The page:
Millie was just six in 2011, when we took a family holiday. She started waking me up every half-an-hour for a drink, and when we ran out of milk, I called Millie’s Grandma – a nurse – to ask what might be going on. Her Grandma actually suggested that it might be diabetes so we raced back to Sydney to our GP who tested Millie’s blood glucose levels (BGLs) with a fingerprick. It was 33, confirming her diagnosis immediately.
It was a bit of a shock, as we had no family history of type 1 diabetes at all. I feel like she lost a bit of her innocence that day.
We’re managing ok now. We’ve lost a few BGL test kits and had issues with insulin pumps, but we’ve soldiered through. I can tell when Millie’s BGLs are high as she gets very chatty and talks quite fast and the lows are evident as she becomes tired and lethargic.
Now that Millie is in high school, she has been taking a lot more responsibility for diabetes management, and the staff do not have to remind her as often. Millie will do whatever activity she is asked at school and doesn’t let the diabetes stop her. She’s even won a sporting award.
At 13 now, Millie is a tough cookie and has a big heart. She is a huge animal lover and we think she is destined to open an animal shelter or be a veterinarian. She wants to go to the dog pound every weekend to look at the dogs. If we had room for a dog our house would probably be full of them.
I decided to start running, for health reasons, when Millie was diagnosed. I started with a few shorter runs and half-marathons, eventually graduating to marathons in 2014. Once I’d conquered marathons, I was looking for ‘the next big thing’. I googled Australia’s hardest/biggest race and up came the Big Red Run. I thought it was a great coincidence that it raised money for type 1 diabetes but at first I wasn’t confident that I could do it.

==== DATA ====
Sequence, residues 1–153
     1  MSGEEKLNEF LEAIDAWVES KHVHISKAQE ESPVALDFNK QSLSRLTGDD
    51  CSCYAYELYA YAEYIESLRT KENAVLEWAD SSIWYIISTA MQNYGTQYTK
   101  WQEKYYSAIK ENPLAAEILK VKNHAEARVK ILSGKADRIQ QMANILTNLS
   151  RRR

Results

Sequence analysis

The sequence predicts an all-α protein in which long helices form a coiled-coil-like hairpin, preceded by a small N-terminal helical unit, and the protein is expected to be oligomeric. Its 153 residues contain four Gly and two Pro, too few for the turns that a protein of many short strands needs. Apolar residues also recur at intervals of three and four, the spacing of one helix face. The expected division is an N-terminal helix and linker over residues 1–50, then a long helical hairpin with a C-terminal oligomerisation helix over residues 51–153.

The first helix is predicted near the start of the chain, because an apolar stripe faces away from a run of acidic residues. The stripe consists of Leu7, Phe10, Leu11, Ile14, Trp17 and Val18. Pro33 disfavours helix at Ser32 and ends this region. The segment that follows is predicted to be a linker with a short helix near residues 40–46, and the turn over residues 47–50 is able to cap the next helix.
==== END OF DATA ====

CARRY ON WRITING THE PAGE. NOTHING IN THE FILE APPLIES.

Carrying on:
I did a 50km ultra-marathon and thought, “no one is ever ready to run 250km through the desert”. Then I bit the bullet!
I spoke to Millie before signing up, and she was immediately on board to support me, as was her big brother Max who volunteered to be my social media manager.
The build up to the race is a crazy roller coaster, with emotional highs and lows but I’m determined to finish even if I have to crawl across the line. I began training in August 2017, and am now training seven days a week.
I’ve decided my point of difference will be my ‘fro. I’m fairly sure that I’ll be the only competitor running through the sand dunes with my own natural shade.
Millie and her brothers are very excited and will be following along online from home.
Darron is on a mission to raise $10,000 for type 1 diabetes research. You can ‘follow the fro’ and donate to Darron via his Big Red Run fundraising page. He also has a dedicated website and blog called RunFroRun. You can join the Big Red Run too, for the adventure of a lifetime, at their website.